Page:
The Best Baby Picture Ever of a Planetary System

The Best Baby Picture Ever of a Planetary System

Astronomers have taken the best picture yet of a planetary system being born. The image, taken by the Atacama Large Millimeter/submillimeter Array (ALMA) in the high-altitude desert in Chile, reveals a planet-forming disk of gas around a young, sun-like star, in great detail.

The post The Best Baby Picture Ever of a Planetary System appeared first on WIRED.




How Gravity Explains Why Time Never Runs Backward

How Gravity Explains Why Time Never Runs Backward

We can’t avoid the passing of time, even at the DMV, where time seems to come to a standstill. And daylight savings notwithstanding, time always ticks forward. But why not backward? For a group of physicists, the answers to these deep and complex questions may arise from a familiar source: gravity.

The post How Gravity Explains Why Time Never Runs Backward appeared first on WIRED.




Why It Took 23 Years to Link Amelia Earhart’s Disappearance to This Scrap of Metal

Why It Took 23 Years to Link Amelia Earhart’s Disappearance to This Scrap of Metal

Researchers had tried for 23 years to connect this piece of metal to Amelia Earhart’s disappearance. They finally think they’ve proven it was part of her plane.

The post Why It Took 23 Years to Link Amelia Earhart’s Disappearance to This Scrap of Metal appeared first on WIRED.




What Science Lost in the Antares Rocket Explosion

What Science Lost in the Antares Rocket Explosion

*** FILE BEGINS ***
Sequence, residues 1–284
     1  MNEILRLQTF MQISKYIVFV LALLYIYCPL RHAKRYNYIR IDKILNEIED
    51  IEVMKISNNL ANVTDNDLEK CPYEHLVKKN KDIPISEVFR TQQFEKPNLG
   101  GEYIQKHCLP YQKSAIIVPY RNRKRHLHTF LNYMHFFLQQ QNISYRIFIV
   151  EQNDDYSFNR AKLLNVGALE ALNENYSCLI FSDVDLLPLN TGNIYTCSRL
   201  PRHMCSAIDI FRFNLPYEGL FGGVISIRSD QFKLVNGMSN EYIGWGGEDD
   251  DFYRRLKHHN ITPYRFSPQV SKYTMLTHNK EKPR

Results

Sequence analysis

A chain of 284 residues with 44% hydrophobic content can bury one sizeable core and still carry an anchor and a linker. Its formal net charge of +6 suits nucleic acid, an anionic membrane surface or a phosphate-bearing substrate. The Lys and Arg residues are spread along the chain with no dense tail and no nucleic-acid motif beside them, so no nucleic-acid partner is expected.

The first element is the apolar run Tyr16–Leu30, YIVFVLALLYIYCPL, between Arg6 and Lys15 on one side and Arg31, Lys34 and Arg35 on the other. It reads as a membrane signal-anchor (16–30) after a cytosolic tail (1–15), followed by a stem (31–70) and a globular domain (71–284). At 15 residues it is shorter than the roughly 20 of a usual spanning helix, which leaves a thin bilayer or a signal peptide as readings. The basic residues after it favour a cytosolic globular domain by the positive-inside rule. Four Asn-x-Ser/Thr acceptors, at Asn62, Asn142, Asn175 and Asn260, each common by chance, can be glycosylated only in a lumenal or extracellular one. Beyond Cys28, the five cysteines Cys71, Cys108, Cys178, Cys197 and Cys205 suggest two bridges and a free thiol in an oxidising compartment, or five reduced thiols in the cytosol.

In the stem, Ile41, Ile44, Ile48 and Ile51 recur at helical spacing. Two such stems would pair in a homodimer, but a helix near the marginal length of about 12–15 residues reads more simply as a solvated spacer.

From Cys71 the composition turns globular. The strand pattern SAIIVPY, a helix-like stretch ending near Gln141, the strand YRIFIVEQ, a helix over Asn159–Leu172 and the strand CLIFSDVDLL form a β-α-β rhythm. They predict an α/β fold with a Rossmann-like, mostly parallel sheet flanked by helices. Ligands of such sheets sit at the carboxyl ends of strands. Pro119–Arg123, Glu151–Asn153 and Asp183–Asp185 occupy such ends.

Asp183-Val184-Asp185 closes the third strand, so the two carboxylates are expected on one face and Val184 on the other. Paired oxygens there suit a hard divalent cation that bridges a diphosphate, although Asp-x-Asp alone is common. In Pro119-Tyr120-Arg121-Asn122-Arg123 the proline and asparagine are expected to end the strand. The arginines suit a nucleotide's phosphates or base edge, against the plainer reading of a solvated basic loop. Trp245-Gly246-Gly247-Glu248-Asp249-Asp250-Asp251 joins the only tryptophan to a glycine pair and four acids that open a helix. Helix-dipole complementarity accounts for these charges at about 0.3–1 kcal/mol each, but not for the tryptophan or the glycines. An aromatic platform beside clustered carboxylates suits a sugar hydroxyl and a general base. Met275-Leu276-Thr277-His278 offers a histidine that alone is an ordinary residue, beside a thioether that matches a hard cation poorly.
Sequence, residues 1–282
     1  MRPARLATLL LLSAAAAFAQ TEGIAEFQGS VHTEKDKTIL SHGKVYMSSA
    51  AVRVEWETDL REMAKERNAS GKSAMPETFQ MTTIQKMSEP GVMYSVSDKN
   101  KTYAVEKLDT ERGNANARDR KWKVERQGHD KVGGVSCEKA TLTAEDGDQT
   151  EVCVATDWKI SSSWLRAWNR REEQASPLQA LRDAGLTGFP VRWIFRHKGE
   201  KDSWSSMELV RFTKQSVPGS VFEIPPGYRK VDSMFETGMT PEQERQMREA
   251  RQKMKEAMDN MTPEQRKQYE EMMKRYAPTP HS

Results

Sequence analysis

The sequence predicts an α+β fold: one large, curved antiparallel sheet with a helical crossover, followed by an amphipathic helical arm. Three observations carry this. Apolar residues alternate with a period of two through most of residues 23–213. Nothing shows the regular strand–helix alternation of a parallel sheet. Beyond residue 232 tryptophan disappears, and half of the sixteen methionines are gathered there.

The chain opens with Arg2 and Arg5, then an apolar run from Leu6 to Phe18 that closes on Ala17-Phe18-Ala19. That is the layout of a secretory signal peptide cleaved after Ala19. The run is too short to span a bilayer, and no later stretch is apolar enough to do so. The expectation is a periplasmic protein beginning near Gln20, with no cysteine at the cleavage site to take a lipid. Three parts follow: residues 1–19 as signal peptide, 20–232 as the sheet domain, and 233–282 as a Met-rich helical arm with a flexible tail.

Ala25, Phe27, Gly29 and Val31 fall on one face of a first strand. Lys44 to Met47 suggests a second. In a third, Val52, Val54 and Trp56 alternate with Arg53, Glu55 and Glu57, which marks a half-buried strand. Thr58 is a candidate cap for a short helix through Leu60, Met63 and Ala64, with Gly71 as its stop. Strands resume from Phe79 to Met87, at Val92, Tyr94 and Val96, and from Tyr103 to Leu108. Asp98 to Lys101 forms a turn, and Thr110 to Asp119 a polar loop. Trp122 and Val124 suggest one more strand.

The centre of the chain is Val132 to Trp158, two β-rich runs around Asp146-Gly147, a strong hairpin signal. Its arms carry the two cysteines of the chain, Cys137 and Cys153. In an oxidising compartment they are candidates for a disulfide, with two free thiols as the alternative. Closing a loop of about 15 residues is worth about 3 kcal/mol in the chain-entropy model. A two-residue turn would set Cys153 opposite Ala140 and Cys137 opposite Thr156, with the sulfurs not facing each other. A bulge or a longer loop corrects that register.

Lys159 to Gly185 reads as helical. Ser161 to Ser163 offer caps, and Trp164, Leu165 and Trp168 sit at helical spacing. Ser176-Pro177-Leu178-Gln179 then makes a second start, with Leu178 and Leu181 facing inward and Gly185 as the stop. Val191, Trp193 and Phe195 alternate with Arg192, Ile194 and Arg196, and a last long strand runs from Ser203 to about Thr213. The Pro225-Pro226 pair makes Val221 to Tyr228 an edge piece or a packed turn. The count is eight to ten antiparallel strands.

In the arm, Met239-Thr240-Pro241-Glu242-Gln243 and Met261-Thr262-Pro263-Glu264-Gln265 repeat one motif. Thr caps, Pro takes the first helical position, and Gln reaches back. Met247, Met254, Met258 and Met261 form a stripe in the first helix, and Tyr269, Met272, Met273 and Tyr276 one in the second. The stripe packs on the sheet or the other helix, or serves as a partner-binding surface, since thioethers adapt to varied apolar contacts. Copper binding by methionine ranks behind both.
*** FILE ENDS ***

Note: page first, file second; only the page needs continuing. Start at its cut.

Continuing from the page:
Last night, an unmanned Antares rocket carrying more than 5,000 pounds of cargo to the International Space Station exploded in a huge fireball seconds after liftoff. No one was hurt, but in addition to damage to the launch pad, NASA lost tons of supplies, including equipment and food for astronauts. Science also took a big hit in the explosion.

The post What Science Lost in the Antares Rocket Explosion appeared first on WIRED.




Tonight: Watch Live as a Total Lunar Eclipse Turns the Moon Red

Tonight: Watch Live as a Total Lunar Eclipse Turns the Moon Red

Early tomorrow morning, the moon will pass behind the center of Earth’s shadow and turn a rusty red color. Most people probably won’t be able to see this total lunar eclipse, because it will occur mainly over the Pacific Ocean. But don’t worry. You can watch a live broadcast by the Slooh Community Observatory from multiple locations in Australia and North America (above), or NASA’s broadcast of the event (below).

The post Tonight: Watch Live as a Total Lunar Eclipse Turns the Moon Red appeared first on WIRED.




NASA Taps Boeing, SpaceX to Transport Astronauts to Space Station

NASA Taps Boeing, SpaceX to Transport Astronauts to Space Station

In the latest step toward commercial human space flight, Boeing and SpaceX have been chosen to carry the next NASA astronauts into space, the agency announced today. NASA awarded $4.2 billion to Boeing and $2.6 billion to SpaceX to send astronauts to the International Space Station and return them safely home, with the goal of meeting all […]

The post NASA Taps Boeing, SpaceX to Transport Astronauts to Space Station appeared first on WIRED.